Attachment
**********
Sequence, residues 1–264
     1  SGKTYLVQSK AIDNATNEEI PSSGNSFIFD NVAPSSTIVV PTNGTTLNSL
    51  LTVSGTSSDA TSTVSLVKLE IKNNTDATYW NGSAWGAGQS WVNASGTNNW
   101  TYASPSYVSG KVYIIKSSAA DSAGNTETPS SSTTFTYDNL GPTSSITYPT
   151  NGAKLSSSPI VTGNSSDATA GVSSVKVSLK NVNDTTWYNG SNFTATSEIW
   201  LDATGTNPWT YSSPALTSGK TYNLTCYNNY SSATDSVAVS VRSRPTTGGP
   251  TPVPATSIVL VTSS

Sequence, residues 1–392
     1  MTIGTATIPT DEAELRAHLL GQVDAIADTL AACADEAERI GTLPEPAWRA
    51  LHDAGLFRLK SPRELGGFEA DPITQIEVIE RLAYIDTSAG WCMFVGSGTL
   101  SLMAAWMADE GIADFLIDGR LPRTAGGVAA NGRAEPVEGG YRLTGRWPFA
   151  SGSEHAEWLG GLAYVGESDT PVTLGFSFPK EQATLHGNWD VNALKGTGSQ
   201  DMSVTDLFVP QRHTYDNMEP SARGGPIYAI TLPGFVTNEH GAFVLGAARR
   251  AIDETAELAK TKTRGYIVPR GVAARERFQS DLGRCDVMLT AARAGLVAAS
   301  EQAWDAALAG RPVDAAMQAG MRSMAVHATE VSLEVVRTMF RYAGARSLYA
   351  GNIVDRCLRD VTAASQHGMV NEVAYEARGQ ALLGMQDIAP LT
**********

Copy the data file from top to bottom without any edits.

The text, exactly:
Sequence, residues 1–264
     1  SGKTYLVQSK AIDNATNEEI PSSGNSFIFD NVAPSSTIVV PTNGTTLNSL
    51  LTVSGTSSDA TSTVSLVKLE IKNNTDATYW NGSAWGAGQS WVNASGTNNW
   101  TYASPSYVSG KVYIIKSSAA DSAGNTETPS SSTTFTYDNL GPTSSITYPT
   151  NGAKLSSSPI VTGNSSDATA GVSSVKVSLK NVNDTTWYNG SNFTATSEIW
   201  LDATGTNPWT YSSPALTSGK TYNLTCYNNY SSATDSVAVS VRSRPTTGGP
   251  TPVPATSIVL VTSS

Sequence, residues 1–392
     1  MTIGTATIPT DEAELRAHLL GQVDAIADTL AACADEAERI GTLPEPAWRA
    51  LHDAGLFRLK SPRELGGFEA DPITQIEVIE RLAYIDTSAG WCMFVGSGTL
   101  SLMAAWMADE GIADFLIDGR LPRTAGGVAA NGRAEPVEGG YRLTGRWPFA
   151  SGSEHAEWLG GLAYVGESDT PVTLGFSFPK EQATLHGNWD VNALKGTGSQ
   201  DMSVTDLFVP QRHTYDNMEP SARGGPIYAI TLPGFVTNEH GAFVLGAARR
   251  AIDETAELAK TKTRGYIVPR GVAARERFQS DLGRCDVMLT AARAGLVAAS
   301  EQAWDAALAG RPVDAAMQAG MRSMAVHATE VSLEVVRTMF RYAGARSLYA
   351  GNIVDRCLRD VTAASQHGMV NEVAYEARGQ ALLGMQDIAP LT